Working with residents through the journey from self-loathing and shame to self-love and empathy requires more than just an average sober living.  One of the keys, is for residents begin to realize they can be open, honest, and transparent with themselves and others. Moreover, that they have to be. Shaming residents into cooperating, vindictively punishing, or making blanketed assumptions is often counterproductive to desired results.   A sober living philosophy based on compassion and understanding, often dramatically increases the resident’s willingness and active participation in their own recovery.

Nearly any study on Addiction Treatment will promote the benefits of long-term, transitional care. It is during this period that the education and information received during Primary Treatment can actually be put to use. A minimum 90-day commitment is a good starting point, but it is often difficult to predict when a resident will be fully suitable to graduate. Individually tailored, sober living programs with supportive services give residents their best chance at sustained recovery from addiction.

It can be difficult to know with surety that a person in early recovery is ready to step down out of comprehensive sober living, however, there are definite benchmarks and traits to look for.

Key Indicators for Successful Step-down From Sober Living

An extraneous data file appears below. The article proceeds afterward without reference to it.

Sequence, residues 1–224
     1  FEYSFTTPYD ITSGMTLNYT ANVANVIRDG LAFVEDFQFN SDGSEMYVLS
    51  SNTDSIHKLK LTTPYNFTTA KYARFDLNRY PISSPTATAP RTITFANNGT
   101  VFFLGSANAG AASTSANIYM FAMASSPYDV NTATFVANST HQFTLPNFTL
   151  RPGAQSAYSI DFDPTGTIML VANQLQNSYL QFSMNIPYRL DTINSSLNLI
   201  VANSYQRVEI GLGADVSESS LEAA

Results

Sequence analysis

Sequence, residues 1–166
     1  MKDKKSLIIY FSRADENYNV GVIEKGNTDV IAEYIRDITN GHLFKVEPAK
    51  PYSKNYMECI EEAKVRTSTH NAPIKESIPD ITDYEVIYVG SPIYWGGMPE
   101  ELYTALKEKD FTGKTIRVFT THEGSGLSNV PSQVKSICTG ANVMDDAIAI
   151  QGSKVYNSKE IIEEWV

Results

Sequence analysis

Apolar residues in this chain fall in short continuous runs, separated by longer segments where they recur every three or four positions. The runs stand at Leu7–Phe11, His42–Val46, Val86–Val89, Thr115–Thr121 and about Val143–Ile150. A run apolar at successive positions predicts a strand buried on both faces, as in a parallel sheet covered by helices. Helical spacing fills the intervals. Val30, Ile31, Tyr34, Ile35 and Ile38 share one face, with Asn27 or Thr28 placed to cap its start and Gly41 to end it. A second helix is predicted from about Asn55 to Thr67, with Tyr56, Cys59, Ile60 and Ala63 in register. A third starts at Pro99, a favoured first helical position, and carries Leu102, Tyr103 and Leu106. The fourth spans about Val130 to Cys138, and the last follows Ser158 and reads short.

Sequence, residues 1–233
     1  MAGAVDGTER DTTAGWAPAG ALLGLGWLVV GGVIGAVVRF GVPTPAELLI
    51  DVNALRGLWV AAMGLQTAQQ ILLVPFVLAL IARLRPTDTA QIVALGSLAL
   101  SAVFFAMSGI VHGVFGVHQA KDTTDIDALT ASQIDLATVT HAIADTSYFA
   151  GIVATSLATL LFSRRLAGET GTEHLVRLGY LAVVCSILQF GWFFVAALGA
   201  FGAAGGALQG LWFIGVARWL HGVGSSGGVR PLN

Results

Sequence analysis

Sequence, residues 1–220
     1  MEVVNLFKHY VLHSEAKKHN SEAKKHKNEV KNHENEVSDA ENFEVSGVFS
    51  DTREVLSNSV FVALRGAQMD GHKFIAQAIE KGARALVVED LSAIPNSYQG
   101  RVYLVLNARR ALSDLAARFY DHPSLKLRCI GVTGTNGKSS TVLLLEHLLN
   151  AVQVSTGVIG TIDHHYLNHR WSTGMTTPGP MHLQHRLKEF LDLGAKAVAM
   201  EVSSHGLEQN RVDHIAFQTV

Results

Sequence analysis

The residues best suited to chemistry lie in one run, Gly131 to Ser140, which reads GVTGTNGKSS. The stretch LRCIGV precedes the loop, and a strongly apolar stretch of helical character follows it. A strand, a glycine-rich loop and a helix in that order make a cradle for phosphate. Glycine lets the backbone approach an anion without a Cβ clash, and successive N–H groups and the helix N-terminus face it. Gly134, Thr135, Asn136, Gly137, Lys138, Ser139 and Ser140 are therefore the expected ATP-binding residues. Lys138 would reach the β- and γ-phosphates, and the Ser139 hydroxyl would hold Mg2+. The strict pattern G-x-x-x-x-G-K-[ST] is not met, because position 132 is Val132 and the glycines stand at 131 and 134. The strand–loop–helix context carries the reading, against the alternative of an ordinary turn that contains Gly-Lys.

• aware of and consistently working on their core issues
  • substance-free
  • working and/or going to school
  • managing their own finances
  • helping and sponsoring other people through recovery
  • building, strengthening, and maintaining relationships
  • balancing the four components of work/school, recovery, fun, and love
  • redefining their role within the family system
  • respecting and setting boundaries
  • reaching out to others with concern and compassion
  • honest and forthcoming when it’s not in their immediate interest to do so
  • passionate, engaged, and present in life

It should both be the mission and passion of the sober living organization to positively transform the lives of those suffering from Addiction.  It is an honor to work with clients and their families to create lasting and impactful change, not a right or something to be taken lightly.

Common Behaviors and Approach

When determining which type of sober living environment, or if sober living should be an option at all (sober living should always be an option), it is important to understand certain behaviors and to ask if the organization how they address them.  These types of behaviors, if left untreated or if treated in an improper manner, undermine the recovery process and may lead people down a path to relapse.

“Failure to Launch”

The stage between adolescence and adulthood demands a series of increasingly complex, difficult, and trying milestones. Too often, we see individuals who are incapable of taking the necessary actions to seize control and ownership of their lives. Often, these persons are fearful of their own ability to succeed and are confused as to the correct path to take.